This advance has come because of corporate profits and economic growth. Of companies reporting Q4 earnings, like Google and IBM, 73% of them have beat expectations. The latest jobless claims numbers shocked because they were so positive, dropping to a five-year low.

6----How to Minimize the Drag of Austerity, counterpunch

...revenue increases on upper-income households and corporations are, per dollar, the least economically damaging policy option for deficit reduction—see the table below. (Again, why policymakers are abandoning what works and fixating on damaging an economy already depressed nearly $1 trillion—or 5.6 percent below potential output—with bleak prospects for emerging from depression, is a question for another post.) Some simple math helps underscore the benefit of increasing the revenue share in hitting a fixed deficit reduction target.

7---HARP success could trickle down to non-agency borrowers, Housingwire

With the success of the Home Affordable Refinance Program for Fannie and Freddie borrowers, there is an expected push on the part of the Obama Administration to offer performing borrowers falling outside the agency's purview a way to lower their mortgage payments – through either a refinance or loan modification, Amherst Securities Group said.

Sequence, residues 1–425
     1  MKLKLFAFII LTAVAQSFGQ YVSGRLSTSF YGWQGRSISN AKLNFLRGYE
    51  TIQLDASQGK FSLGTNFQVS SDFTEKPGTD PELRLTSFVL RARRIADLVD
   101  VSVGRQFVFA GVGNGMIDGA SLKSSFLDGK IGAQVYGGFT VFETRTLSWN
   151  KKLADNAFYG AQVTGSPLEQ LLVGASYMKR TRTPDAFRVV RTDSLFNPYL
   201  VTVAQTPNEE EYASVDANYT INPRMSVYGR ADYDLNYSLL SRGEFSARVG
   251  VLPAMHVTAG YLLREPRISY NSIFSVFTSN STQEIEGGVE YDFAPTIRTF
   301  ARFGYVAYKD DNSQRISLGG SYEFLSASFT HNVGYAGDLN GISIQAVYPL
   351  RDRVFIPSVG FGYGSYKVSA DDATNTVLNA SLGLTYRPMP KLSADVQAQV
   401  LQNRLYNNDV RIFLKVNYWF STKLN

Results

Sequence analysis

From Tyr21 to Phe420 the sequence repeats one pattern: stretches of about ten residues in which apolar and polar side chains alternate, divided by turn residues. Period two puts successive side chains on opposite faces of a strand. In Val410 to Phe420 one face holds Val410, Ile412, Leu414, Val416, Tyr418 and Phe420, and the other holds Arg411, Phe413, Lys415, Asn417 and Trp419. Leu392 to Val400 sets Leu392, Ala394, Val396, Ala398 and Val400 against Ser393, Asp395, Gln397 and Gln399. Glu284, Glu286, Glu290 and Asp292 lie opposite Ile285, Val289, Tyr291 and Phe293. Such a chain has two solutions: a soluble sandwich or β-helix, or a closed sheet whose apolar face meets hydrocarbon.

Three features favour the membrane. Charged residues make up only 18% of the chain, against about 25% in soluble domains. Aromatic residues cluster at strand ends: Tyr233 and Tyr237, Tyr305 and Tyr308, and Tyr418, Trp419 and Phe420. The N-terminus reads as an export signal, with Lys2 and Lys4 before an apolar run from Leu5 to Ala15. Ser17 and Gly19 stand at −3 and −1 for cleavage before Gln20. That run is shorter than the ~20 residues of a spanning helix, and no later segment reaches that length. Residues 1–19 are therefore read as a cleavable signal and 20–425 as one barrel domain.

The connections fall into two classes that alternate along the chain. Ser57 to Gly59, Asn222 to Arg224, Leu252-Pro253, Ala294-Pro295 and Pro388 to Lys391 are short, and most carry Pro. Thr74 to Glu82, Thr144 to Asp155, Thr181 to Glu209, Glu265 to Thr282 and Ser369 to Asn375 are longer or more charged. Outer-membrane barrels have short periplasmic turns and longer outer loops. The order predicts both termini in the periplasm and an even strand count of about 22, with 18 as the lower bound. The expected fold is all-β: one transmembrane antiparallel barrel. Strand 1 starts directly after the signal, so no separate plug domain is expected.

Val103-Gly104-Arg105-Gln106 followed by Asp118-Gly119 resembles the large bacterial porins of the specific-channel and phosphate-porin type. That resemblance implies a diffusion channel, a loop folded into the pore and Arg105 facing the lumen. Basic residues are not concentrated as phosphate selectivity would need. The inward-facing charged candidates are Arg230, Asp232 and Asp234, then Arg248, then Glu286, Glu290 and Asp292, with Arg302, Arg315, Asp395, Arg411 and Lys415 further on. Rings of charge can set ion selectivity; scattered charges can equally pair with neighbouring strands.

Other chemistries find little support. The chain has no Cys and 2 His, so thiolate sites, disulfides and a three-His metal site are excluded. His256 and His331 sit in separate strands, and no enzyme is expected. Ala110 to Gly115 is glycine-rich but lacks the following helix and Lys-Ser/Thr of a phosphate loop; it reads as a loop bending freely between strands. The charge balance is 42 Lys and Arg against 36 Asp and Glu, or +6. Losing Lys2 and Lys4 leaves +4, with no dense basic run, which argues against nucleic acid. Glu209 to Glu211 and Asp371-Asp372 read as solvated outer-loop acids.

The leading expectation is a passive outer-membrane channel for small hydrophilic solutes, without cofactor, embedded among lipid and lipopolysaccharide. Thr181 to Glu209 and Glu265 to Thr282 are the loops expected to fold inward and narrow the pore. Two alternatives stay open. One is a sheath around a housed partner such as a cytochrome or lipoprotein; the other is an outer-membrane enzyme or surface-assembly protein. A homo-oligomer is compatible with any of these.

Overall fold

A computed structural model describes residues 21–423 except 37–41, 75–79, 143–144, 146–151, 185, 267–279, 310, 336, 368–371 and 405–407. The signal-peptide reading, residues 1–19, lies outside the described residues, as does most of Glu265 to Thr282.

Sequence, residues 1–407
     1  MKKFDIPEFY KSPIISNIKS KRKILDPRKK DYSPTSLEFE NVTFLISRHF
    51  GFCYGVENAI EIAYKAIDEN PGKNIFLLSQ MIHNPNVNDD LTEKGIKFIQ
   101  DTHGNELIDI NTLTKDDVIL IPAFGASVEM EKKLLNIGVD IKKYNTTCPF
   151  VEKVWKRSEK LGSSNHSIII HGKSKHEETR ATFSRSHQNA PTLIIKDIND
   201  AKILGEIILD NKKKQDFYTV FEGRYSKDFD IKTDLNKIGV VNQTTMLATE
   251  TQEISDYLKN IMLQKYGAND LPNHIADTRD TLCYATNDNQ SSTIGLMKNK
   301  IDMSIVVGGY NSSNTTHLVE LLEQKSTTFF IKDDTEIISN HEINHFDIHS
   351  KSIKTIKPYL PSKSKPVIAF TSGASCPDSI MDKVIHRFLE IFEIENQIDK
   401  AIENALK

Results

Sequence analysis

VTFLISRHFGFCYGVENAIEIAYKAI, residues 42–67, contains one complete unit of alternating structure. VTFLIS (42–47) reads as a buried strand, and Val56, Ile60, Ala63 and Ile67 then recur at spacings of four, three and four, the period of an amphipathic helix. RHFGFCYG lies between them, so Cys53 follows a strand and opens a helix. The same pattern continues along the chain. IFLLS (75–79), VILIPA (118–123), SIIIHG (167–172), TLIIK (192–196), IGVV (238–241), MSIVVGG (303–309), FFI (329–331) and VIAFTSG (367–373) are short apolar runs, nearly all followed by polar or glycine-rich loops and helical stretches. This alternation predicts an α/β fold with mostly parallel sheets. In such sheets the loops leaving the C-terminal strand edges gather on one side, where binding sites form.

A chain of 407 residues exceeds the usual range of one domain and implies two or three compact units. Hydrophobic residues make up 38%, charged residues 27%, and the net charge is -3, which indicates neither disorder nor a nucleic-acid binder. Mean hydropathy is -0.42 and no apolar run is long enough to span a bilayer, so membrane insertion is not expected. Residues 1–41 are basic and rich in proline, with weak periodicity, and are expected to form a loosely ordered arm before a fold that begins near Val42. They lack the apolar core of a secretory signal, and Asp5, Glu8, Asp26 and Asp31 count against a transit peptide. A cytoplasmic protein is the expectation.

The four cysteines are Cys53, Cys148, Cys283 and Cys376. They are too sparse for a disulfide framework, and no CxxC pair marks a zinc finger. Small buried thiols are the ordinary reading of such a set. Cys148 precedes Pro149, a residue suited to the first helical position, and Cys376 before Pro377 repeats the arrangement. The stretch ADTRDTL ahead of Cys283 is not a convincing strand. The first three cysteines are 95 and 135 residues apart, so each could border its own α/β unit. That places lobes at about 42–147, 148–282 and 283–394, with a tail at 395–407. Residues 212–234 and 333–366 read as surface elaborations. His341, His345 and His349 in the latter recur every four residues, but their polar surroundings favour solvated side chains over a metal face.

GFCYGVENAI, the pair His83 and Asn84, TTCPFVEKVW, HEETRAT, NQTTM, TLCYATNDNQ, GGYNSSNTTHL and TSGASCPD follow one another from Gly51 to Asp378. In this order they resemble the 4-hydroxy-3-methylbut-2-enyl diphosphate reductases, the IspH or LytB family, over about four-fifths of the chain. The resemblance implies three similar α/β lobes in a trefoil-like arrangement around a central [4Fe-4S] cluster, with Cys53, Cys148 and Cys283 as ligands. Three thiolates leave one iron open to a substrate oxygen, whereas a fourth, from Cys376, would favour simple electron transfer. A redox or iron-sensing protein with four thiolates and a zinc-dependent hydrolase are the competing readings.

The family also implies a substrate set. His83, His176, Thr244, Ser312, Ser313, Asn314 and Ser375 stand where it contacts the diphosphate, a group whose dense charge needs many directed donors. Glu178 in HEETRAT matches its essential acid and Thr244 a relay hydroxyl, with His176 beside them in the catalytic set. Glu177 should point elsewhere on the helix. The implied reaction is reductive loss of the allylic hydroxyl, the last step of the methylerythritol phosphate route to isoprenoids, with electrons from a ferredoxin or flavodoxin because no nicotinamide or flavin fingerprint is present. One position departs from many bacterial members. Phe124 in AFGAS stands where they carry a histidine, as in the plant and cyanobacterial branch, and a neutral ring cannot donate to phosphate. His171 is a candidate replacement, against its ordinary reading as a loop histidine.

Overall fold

Amherst's latest Mortgage Insight Report focuses on the implications of both Sen. Jeff Merkley's plan for refinancing underwater borrowers and the Treasury proposal for modifying mortgages in private-label securitizations.

The mechanics of the refinance plans are different in that under the Merkley Plan and other refinancing proposals, the loan is removed from the private label securitization trust (PLS trust), whereas under the Treasury plan, the mortgage loans remain in the PLS trust. Sen. Jeff Merkley, D-Ore., introduced his plan last year, proposing that the government would buy underwater mortgages from banks, reduce the principal for eligible borrowers and refinance the loan into a new Federal Housing Administration-backed mortgage....

In regards to the implementation of the proposed Treasury plan, borrowers with loan-to-value ratios greater than 125 would automatically be eligible while those with LTVs in the 100-to-125 range would need to show "hardship," to see a modification.

8---Treasury Likes Non-Agency HARP-Like Proposal, mortgage finance